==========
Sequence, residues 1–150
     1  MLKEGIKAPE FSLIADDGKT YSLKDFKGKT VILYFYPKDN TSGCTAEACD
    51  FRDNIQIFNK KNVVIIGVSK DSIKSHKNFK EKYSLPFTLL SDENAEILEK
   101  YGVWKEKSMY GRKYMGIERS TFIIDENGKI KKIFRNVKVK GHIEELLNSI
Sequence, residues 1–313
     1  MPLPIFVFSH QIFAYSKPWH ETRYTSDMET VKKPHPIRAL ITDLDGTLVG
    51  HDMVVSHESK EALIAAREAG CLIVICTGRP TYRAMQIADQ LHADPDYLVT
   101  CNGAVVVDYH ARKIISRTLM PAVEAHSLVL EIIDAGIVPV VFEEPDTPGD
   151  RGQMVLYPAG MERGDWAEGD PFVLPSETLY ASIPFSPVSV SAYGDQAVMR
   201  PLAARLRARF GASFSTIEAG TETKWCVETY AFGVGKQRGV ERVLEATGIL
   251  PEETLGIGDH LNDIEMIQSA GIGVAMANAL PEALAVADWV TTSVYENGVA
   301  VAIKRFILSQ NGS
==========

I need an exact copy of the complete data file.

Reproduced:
Sequence, residues 1–150
     1  MLKEGIKAPE FSLIADDGKT YSLKDFKGKT VILYFYPKDN TSGCTAEACD
    51  FRDNIQIFNK KNVVIIGVSK DSIKSHKNFK EKYSLPFTLL SDENAEILEK
   101  YGVWKEKSMY GRKYMGIERS TFIIDENGKI KKIFRNVKVK GHIEELLNSI
Sequence, residues 1–313
     1  MPLPIFVFSH QIFAYSKPWH ETRYTSDMET VKKPHPIRAL ITDLDGTLVG
    51  HDMVVSHESK EALIAAREAG CLIVICTGRP TYRAMQIADQ LHADPDYLVT
   101  CNGAVVVDYH ARKIISRTLM PAVEAHSLVL EIIDAGIVPV VFEEPDTPGD
   151  RGQMVLYPAG MERGDWAEGD PFVLPSETLY ASIPFSPVSV SAYGDQAVMR
   201  PLAARLRARF GASFSTIEAG TETKWCVETY AFGVGKQRGV ERVLEATGIL
   251  PEETLGIGDH LNDIEMIQSA GIGVAMANAL PEALAVADWV TTSVYENGVA
   301  VAIKRFILSQ NGS